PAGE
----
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Pharmacovigilance Legislation 2012: What does it mean for the Relative Efficacy Debate?




Towards the end of last month, the European Medicines Agency (EMA) released its first batch of good pharmacovigilance practices (GVP) modules for public consultation. These modules will eventually serve as guidance for how the EMA wants to see pharmacovigilance activities conducted in the EU, in light of the new pharmacovigilance legislation passed at the end of 2010, and which goes into effect from July 2012.

Here comes the PASS... 
As a result of the new legislation, competent authorities may now impose an obligation on manufacturers to conduct a post-authorisation safety study (PASS) – either as a condition to receiving marketing authorisation, or after the granting of a marketing authorisation, at such time as they require. These studies will be designed to better characterise safety hazards, the safety profile of a medicine, and/or the effectiveness of risk management measures. The procedure will become fully operational sometime in 2012 for centrally authorised medicines, and the EMA will focus on nationally authorised ones after this year.

The GVP put out to consultation on PASS has included an appendix of potential study methodologies, which range from active surveillance processes (e.g., onsite intensive monitoring schemes) and use of registries to traditional observational methods (e.g., cross-section, cohort and case-control studies.) These are only the non-interventional options – the EMA has confirmed that additional clinical trials may also be required, as well as alternatives such as drug utilisation studies (e.g., to estimate the economic burden of adverse events).

.... soon to be joined by PAES
Competent authorities will also be able to impose the obligation to conduct post-authorisation efficacy studies (PAES), although the draft scientific guidelines to be published on these (and which will support any future delegated act) are due sometime later this year. Here the intent is to better characterise “efficacy in everyday medical practice.”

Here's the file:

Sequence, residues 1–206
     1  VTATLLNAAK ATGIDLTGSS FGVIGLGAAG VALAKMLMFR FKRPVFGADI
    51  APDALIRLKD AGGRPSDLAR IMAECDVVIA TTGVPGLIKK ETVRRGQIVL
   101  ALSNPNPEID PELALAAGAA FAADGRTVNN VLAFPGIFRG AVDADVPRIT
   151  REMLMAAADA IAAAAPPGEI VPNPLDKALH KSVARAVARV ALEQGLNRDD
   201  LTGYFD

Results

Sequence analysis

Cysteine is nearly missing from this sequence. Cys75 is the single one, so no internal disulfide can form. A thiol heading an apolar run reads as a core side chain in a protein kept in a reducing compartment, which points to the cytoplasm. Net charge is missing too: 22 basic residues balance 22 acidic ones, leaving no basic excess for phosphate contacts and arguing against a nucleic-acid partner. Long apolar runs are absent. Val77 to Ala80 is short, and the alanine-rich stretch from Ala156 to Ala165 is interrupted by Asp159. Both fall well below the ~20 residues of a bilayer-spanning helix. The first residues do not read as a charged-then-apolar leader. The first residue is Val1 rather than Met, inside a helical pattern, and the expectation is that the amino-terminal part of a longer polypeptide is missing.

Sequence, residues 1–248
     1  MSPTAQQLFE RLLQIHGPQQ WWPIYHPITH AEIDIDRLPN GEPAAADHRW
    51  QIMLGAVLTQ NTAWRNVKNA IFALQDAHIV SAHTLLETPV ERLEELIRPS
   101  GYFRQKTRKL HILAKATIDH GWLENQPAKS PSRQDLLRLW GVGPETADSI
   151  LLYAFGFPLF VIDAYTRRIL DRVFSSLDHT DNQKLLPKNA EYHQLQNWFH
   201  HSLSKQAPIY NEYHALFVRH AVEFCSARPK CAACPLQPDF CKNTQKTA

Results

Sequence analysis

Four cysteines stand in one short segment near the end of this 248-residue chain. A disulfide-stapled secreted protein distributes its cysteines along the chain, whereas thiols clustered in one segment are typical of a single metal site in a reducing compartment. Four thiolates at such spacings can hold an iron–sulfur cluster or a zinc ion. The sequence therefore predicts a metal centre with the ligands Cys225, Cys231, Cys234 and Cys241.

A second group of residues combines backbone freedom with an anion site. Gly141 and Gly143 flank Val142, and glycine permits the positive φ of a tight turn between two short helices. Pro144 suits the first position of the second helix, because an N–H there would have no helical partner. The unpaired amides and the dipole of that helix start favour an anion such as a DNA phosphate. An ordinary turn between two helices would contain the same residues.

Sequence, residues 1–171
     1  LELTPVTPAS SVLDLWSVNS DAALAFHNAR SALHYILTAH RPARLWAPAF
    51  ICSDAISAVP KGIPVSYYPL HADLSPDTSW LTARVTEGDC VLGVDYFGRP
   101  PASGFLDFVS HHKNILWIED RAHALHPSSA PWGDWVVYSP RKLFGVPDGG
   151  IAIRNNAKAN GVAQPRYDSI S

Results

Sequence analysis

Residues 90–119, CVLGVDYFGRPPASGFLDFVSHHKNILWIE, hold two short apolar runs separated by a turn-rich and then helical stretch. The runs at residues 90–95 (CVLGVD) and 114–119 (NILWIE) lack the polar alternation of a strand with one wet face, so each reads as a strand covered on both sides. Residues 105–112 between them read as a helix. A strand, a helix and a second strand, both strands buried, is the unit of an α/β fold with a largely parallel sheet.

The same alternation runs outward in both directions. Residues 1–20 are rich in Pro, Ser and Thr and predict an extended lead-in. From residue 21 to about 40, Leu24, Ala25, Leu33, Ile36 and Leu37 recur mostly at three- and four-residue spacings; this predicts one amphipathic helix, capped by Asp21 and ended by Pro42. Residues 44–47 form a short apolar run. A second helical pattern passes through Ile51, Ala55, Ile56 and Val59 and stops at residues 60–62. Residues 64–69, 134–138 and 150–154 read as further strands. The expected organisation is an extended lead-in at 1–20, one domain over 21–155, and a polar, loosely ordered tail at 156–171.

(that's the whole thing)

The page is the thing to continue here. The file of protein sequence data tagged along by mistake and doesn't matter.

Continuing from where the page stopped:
At the tail-end of last year, France passed into law its own pharmacovigilance reform. One key component of this reform is the ability of the French regulatory agency to now request active-comparator trials for marketing authorisation – manufacturers may decline this request, although they are then required to provide justification. France has been lobbying for this framework to be applied at European level.

It is interesting to consider what shape the scientific guidelines on PAES will take – will there be circumstances in which national competent authorities will be able to require active-comparator trials? The focus on efficacy in “everyday medical practice” would suggest a real-world setting, but one could envision cases where regulators might still, for example, like to see a pragmatic trial design.

This scenario poses a number of questions, not least of which is:

  • Given that the most appropriate active comparator might vary from Member State to Member State, would there be cases where manufacturers could in theory be expected to undertake multiple trials?
  • For the same reason, how would the EMA approach centrally authorised medicines?
  • Finally, would any such requirement follow the French model in allowing manufacturers to decline with justification, or would it represent a more stringent market access hurdle?

What seems clear is that the new pharmacovigilance legislation will, in one way or another, add to the debate that has emerged over the role relative efficacy (and/or effectiveness) should play in the marketing authorisation space.

The other interesting angle is how PAES will work in relation to pricing and reimbursement. With the expanded remit of the regulators, it will be interesting to see what the practical ramifications of ongoing risk-benefit assessment are on P&R decision-making timelines, and the amount and kinds of data available for that decision making. Certainly the step toward PAES is a bold one –one, I am realising, with more and more potential ripple effects.

About The Author

Cameron Lockwood is an analyst within the multi-client study team. He has a background in the life sciences, experience in market access, and specialises in the healthcare policy environment.


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